because It gives us the Author of Grace;
it is the sweetest, because the Lord is Sweetness Itself.

Pope St. Pius X


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Saint of the day

SAINT OF THE DAY

St. Edmund the Martyr

The barbarian leader, Ingvar, offered to let the King live o...

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St. Edmund the Martyr

Though only about fifteen years old when crowned in 855, Edmund showed himself a model ruler from the first, anxious to treat all with equal justice, and closing his ears to flatterers and untrustworthy informers. In his eagerness for prayer he retired for a year to his royal tower at Hunstanton and learned the whole Psalter by heart, in order that he might afterwards recite it regularly.

In 870 Edmund bravely repulsed the two Danish chiefs, Hinguar and Hubba, who had invaded his dominions. However, they soon returned with overwhelming numbers, and pressed terms upon him which as a Christian he felt bound to refuse. In his desire to avert a fruitless massacre, he disbanded his troops and himself retired towards Framlingham; on the way he fell into the hands of the invaders. Having loaded the king with chains, his captors conducted him to Hinguar, whose impious demands he again rejected, declaring his religion dearer to him than his very life.

His martyrdom took place in 870 at Hoxne in Suffolk. After beating him with cudgels, the Danes tied him to a tree, and cruelly tore his flesh with whips. Throughout these tortures Edmund continued to call upon the name of Jesus, until at last, exasperated by his constancy, his enemies began to discharge arrows at him. This cruel sport was continued until his body had the appearance of a porcupine, when Hinguar commanded his head to be struck off.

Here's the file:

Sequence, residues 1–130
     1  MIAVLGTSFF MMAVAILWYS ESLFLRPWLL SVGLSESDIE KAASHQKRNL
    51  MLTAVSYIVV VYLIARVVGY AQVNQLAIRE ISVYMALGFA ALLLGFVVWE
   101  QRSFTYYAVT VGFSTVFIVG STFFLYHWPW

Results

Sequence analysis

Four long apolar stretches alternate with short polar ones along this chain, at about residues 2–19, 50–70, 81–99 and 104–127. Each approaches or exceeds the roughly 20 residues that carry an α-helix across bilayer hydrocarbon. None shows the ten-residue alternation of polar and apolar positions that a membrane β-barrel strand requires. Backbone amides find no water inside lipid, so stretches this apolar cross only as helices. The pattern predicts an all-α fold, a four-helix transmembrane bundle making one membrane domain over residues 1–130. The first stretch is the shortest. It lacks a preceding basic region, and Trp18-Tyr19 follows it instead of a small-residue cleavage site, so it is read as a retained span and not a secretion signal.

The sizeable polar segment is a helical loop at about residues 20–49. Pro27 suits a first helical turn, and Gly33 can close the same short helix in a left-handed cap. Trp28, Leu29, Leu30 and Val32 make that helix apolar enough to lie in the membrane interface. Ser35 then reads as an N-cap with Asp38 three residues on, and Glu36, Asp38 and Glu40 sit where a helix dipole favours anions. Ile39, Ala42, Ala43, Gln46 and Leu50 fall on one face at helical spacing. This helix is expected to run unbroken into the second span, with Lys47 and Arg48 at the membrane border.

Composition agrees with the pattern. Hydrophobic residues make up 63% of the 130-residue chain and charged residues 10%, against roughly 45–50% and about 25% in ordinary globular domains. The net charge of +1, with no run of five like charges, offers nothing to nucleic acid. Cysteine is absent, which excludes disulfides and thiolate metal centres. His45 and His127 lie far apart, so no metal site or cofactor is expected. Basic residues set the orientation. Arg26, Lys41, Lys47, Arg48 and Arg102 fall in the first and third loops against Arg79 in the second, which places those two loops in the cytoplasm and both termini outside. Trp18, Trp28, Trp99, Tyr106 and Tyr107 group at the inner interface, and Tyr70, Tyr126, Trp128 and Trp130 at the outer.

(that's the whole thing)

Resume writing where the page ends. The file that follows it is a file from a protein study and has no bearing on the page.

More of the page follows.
From his first burial-place at Hoxne his relics were removed in the tenth century to Beodricsworth, since called Bury St. Edmunds, where arose the famous abbey of that name. His feast is observed November 20, and he is represented in Christian art with sword and arrow, the instruments of his torture.

Weekly Story

WEEKLY STORY

In the midst of this splendor, the Virgin Mary appeared stan...

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The Conversion of Alphonse Ratisbonne

Born in 1814, Alphonse Ratisbonne was from a family of wealthy, well-known Jewish bankers in Strasbourg, France. In 1827, Alphonse’s older brother, Thèodore, converted to Catholicism and entered the priesthood, thus breaking with his anti-Catholic family whose hopes now lay in the young Alphonse. At 27, Alphonse was intelligent and well mannered. He had already finished his law degree, and decided to travel to Italy before marrying and assuming his responsibilities in the family business. However, God had other plans for him.

While in Rome, Alphonse visited works of art, and strictly out of cultural curiosity, a few Catholic churches. These visits hardened his anti-Catholic stance, and nourished his profound hatred for the Church. He also called on an old schoolmate and close friend, Gustave de Bussières.

Gustave was a Protestant and several times had tried, in vain, to win Alphonse over to his religious convictions. Alphonse was introduced to Gustave’s brother, Baron de Bussières, who had recently converted to Catholicism and become a close friend of Father Thèodore Ratisbonne. Because of the Baron’s Catholicism and closeness with his turncoat brother, Alphonse greatly disliked him.